The party filing a due process complaint must provide a copy to the other party and forward a copy to the state educational agency (SEA) as well[§300.508(a)(2)]. Beyond providing these copies, the information contained in the due process complaint must be kept confidential [§300.508(a)].
Whenever a complaint is received, the parents and local educational agency (LEA) involved in the dispute must have an opportunity for an impartial due process hearing [§300.511(a)].
Who has the right to file a due process complaint?
A parent or a public agency may file a due process complaint on issues relating to the identification, evaluation, or educational placement of a child with a disability or the provision of FAPE to the child [§300.507(a)]. Because the complaint resolution process tends to be less intimidating than a due process hearing, many parents may select this approach (rather than the due process hearing) to resolve a dispute.
What information must the complaint contain?
IDEA lists the specific information that must be included in a due process complaint [§300.508(b)]. Including each of the required elements can help ensure that the parties have the information necessary to understand the other’s perspective on the issue(s) under dispute. As specified in §300.508(b), the due process complaint must include:
- the name of the child;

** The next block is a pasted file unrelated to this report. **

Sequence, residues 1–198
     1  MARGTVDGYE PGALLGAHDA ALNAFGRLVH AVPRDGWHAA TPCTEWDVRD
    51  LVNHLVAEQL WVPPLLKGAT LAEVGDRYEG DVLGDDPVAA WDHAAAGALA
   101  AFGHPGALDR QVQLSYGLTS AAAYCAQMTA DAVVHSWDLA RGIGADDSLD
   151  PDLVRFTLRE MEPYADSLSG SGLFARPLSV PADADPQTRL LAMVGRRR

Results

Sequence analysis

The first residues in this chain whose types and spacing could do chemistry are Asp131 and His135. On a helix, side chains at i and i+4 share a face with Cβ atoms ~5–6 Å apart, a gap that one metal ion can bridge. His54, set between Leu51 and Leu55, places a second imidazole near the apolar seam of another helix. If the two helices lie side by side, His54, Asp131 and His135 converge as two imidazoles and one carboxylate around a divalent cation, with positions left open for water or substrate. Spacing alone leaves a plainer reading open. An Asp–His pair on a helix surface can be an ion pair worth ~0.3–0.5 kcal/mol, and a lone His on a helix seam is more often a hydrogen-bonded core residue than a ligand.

- the address of the residence of the child;
- the name of the school the child is attending;
- a description of the nature of the child’s problem relating to the proposed action or refused initiation or change, and
- a proposed resolution of the problem to the extent known and available to the person filing the complaint.
If the child is homeless, as defined in the McKinney-Vento Homeless Assistance Act, the complaint must include available contact information for the child—instead of the address of the child’s residence—and the name of the school the child is attending [§300.508(b)(4)].
A party may not have a hearing on a due process complaint until the party, or the attorney representing the party, files a due process complaint that meets these requirements [§300.508(c)].
To help parents and public agencies file a due process complaint, each SEA must develop a model form [§300.509(a)]. However, neither the state nor the school district may require the use of these forms. A party may use the model form or another appropriate form, as long as it contains the required information for filing a due process complaint [§300.509(b)].
IDEA’s exact words regarding all of this information can be seen in IDEA’s Regulations on Due Process Complaints.
Who decides whether the information in the due process complaint is sufficient?